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16 May, 2015

What Living in Mexico has taught me about myself and about living in the USA

Posted in : Reflections from the Road on by : nommom

I’ve been away long enough to start to miss a couple of things about home, find some great appreciations about Mexico and I am also starting to see some tendencies within myself I had forgotten I had in the daily drill back home. Here are some observations:

We miss something by not randomly popping in to visit:

In smaller towns anyway, people are more likely to walk by to say hello or ask a question than they are to call you. It’s very 1940’s and, while disruptive, it is actually less disruptive than receiving texts and Facebook updates all day long. Being unplugged allows for this randomness of personalities to show up at your door; most of the time they are a friend with a piece of news to share, sometimes it’s an annoying street vendor. But it’s no big deal when they do so. And thus interspersed in your day is a visit or two, an opportunity for a hug a clear indication of your place and value in the community. Mexicans don’t hide from a knock on the door.

- culturally, I guess I am an American?

I’ve never really fit like I belonged as an American. I feel at odds with several of the standard overarching themes of our culture and have always considered the Latin side of my bloodline an unexplored area of richness that, in its unfamiliarity, felt more authentic to me (as though my Self could be so simply defined). I appreciate Latin America’s warmth and value of relationships over work hours. I love that they greet one another with a kiss or hug, even when meeting for the first time and how eager everyone is to help out or get together for an impromptu gathering.

Yet while someone popping in without warning is the norm, I felt out of place doing so. I did not want to interrupt a cousin’s busy day, impose upon her the additional cultural  norm of providing a snack or coffee in the middle of housecleaning or childcare. I did not feel secure and certain in the welcomeness of such a visit, because if *I* were trying to clean house and someone showed up and I was expected to provide tea or a meal…well it would put me out a bit. Obviously my decision not to pop in is based on a lot of assumptions and a finite understanding of cultural complexities and subtleties. Perhaps its not really that high an expectation, and I do know I’d love to have a random friend stop by for conversation in an otherwise dull day of diapers and laundry. There were many public situations in which I felt uncertain of propriety, and thus chose to stay quiet or at home instead of engaging in the world for fear of judgment or embarrassment. This is, of course, all on me and maybe even a reflection of judgments I’ve experienced as a part of American culture rather than any truth about Mexican culture.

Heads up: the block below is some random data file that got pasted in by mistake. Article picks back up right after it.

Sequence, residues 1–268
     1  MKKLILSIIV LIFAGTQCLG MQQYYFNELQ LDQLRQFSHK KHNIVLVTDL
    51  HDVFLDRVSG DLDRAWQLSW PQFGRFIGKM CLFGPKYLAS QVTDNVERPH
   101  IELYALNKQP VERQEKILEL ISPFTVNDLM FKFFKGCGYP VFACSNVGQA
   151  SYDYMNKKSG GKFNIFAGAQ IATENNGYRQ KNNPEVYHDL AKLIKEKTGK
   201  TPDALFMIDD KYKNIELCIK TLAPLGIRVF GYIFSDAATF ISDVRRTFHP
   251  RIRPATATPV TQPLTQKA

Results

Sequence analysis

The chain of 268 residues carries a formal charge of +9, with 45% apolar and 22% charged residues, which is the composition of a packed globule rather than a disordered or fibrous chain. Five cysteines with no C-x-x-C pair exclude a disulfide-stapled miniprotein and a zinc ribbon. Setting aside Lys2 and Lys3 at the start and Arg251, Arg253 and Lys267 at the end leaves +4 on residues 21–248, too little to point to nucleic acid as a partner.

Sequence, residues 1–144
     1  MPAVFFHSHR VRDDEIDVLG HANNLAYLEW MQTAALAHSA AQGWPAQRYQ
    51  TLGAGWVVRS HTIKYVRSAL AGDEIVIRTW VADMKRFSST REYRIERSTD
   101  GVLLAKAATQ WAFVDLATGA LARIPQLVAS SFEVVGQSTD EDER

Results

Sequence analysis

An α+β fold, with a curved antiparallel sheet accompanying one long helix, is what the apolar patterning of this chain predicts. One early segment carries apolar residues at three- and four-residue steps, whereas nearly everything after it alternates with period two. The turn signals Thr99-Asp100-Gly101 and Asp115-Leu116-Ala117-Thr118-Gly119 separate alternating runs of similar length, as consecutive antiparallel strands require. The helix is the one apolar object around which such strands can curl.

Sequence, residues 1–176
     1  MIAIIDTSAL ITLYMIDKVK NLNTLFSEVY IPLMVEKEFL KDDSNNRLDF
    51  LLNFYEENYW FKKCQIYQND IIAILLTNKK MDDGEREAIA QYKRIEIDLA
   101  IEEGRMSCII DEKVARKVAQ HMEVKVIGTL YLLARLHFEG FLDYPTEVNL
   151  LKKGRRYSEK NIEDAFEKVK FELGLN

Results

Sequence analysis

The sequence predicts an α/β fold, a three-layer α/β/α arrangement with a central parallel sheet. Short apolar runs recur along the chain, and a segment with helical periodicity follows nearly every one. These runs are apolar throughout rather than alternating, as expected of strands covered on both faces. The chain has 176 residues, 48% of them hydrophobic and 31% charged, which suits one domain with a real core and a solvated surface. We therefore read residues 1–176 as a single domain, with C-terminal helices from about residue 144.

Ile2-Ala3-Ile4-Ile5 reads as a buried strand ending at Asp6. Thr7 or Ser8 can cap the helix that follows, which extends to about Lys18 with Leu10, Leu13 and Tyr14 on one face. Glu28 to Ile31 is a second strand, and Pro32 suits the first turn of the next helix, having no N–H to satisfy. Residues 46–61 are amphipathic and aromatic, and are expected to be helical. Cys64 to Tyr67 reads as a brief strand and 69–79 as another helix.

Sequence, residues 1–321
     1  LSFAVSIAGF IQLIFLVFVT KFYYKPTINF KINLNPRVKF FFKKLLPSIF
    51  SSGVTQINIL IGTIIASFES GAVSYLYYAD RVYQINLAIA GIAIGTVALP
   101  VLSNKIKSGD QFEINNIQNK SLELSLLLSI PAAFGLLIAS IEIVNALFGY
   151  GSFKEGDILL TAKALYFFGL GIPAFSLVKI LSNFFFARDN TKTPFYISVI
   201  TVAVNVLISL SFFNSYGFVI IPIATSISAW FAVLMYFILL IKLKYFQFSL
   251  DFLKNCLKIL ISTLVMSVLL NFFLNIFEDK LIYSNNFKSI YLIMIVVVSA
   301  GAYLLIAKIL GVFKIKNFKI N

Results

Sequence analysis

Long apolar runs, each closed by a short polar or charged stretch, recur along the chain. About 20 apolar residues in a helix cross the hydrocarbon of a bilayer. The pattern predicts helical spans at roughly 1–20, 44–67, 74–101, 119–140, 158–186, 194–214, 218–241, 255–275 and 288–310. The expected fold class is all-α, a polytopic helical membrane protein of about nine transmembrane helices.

Be grateful for plumbing and electricity

Our second house rental in Guanajuato had some serious plumbing flaws, and the electrical was a little flaky as well (but not dangerously so). Having inconsistent water temperatures bordering on the extreme ranges left me turning on all faucets and taking baths twice a week in what was ultimately tepid water. The toilets took hours to fill after a flush. Plumbing, as is usually the case in older buildings, was delicate enough to require all tissues be disposed of in a wastebasket rather than flushed. This is not a problem when the dumpster is located close by, but when it’s a tenth of a mile up a steep hill it means you don’t take out the trash daily. That makes for some tasty aromas. Thank goodness we did not have a problem with flies, however. That is another real possibility here.

An example of passable electrical – this was outside a church building.

Water is heated by gas or by solar heating. Solar heating is great most of the year, but a little sketchy in the winter up in the mountains. Therefore reliable water temperatures year round are not to be expected, but to be appreciated (at least where we have been traveling).
It’s no big deal, when light is needed, to patch something together using whatever is on hand. This never occurred as a solution in a house rental, thank goodness, but I’ve seen such ‘solutions’ here and there. Evidently it works often enough to continue doing it.

 Adjusting to a new culture means an extended period of awkwardness:

Will I ever become accustomed to asking for the check?